{Review} Shadows Have Gone by Lissa Bryan

{Review} Shadows Have Gone by Lissa BryanShadows Have Gone by Lissa Bryan
Series: The End of All Things #3
Published by The Writer's Coffee Shop on March 26, 2015
Genres: Dystopian, Science Fiction
Pages: 273
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Carly Daniels knows what it is to suffer loss. She knows what it is to sacrifice. In the two years since a pandemic virus—known only as the Infection—decimated humanity, she’s made choices she never could have imagined. She’s condoned violence in the name of peace and done the unthinkable in the name of mercy. But with Justin at her side, she’s also learned there’s nothing she can’t face and nothing she wouldn’t do to protect those she loves.

But now another threat has arrived in the form of a uniformed man driving an army truck, claiming to represent the remnant of the United States military. Someone has set their sights on their community . . . and on Justin. The struggle to defend their little homeland is far from over, and the visitors may have brought more danger with them than just their weapons.

The shadows are closing in. Carly has to find out whether she has the strength to stand on her own when all of her support has fallen away. What remains when the shadows have gone?


Sandi: It’s a hard go to write a trilogy. Each book has to have its own story, and there has to be a bigger story carried through all three books that concludes at the end. It’s a balancing act. It’s a tapestry. It’s a perfectly-timed feast served to a large family.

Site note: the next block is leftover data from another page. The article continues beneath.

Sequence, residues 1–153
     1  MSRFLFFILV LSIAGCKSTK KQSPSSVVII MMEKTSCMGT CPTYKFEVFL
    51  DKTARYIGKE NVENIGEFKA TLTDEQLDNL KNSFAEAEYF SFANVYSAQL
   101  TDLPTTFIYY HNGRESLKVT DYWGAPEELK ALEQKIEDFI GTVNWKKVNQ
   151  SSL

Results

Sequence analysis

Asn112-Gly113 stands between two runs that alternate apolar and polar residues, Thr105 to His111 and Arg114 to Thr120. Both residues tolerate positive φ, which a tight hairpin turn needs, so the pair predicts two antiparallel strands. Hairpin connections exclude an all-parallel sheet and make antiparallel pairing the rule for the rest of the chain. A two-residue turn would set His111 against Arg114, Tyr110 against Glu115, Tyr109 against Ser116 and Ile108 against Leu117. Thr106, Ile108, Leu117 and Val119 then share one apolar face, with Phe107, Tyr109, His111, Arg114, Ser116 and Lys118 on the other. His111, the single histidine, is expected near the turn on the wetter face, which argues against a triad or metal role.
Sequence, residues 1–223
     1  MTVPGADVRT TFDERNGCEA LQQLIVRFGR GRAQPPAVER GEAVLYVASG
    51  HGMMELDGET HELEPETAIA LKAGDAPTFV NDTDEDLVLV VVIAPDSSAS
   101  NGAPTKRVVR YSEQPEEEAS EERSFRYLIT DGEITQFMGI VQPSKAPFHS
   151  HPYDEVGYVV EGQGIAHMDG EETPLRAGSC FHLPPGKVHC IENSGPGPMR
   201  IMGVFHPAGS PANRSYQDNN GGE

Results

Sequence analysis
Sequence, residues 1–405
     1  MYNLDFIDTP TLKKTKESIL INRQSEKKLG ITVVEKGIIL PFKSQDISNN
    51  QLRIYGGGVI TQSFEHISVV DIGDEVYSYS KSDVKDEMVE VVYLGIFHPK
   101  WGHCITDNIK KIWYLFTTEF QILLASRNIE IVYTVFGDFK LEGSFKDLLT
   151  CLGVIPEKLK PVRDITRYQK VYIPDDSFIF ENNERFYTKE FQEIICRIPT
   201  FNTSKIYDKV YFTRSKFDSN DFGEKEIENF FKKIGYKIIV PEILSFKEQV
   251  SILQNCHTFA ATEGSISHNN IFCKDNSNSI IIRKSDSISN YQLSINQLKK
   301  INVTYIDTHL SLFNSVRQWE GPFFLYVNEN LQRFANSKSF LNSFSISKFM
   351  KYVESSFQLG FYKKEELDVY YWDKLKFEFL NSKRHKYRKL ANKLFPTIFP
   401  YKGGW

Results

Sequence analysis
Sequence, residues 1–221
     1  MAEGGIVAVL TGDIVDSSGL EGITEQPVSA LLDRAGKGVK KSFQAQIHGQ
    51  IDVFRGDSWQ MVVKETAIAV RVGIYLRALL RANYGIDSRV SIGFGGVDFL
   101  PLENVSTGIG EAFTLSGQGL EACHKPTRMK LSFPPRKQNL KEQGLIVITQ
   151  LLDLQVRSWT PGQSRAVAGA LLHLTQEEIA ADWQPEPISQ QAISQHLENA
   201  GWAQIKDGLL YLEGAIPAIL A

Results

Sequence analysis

Lissa Bryan, in Shadows Have Gone, concluded her The End of All Things Trilogy with artistic balance, with perfect timing.

In Bryan’s dystopian world, the one that has developed since the Infection, people have had to learn to live in less sheltered ways. Necessity breeds blunt pragmatism.

“A pregnant woman doesn’t need the stress and strain of lugging around bodies in this heat.”

for example.

Because there had been a battle, you see, and the people of Colby, where Bryan has established her characters’ home in this trilogy, are civilized and aren’t going to leave death just lying around.

In fact, their society has brought to the fore examples of selflessness and insight that make books like this haunting reading.

“That’s why I know ghosts are real, Not visible phantoms floating through a house and throwing stuff. But the ghosts in your mind. They haunt you. Sometimes forever, I guess.” – Kaden

We ask ourselves, how does a young man come to think such things? How can he quote Beowulf over a cairn? But he can and he does.

Bryan shows a very natural pattern in this final book of her trilogy. There’s conflict between those who want to Just Relax Already after the altercations and tragedies of the last book and those who want to Investigate Possible Future Problems to keep an eye on things.

Carly, Our Heroine, is one of the former while her husband, Justin, is firmly in the camp of the latter. This makes for a domestic tension in their home. Also in their home, though, is the playful amusement new parents will recognize as Carly and Justin try to angle for some alone time while there’s a baby in house, a young man they’ve adopted into their family, and a slew of Colby-ites who need one or the other of them for something.

And, of course, Bryan keeps the balance. Because while this is happening, trouble is brewing. Names from the first book are coming back to engage themselves in our awareness. Carly gets in a dangerous circumstance.

Calamity strikes.

I can’t tell you the nature of that calamity, but I will say it totally works for me. This book has its own Big Bad and once again Our Hero and Heroine have to handle it.

Believe in Lissa Bryan’s storytelling, though. She makes it work all the way to the last page.

Really, I’m sitting here working very hard NOT to tell you what happens. So go, read this trilogy. It’s a blunt but hopeful adventure into a future I would rather never, ever see happen.

Report Card
Cover
Characters
Plot
Writing
Steam
Overall: 5

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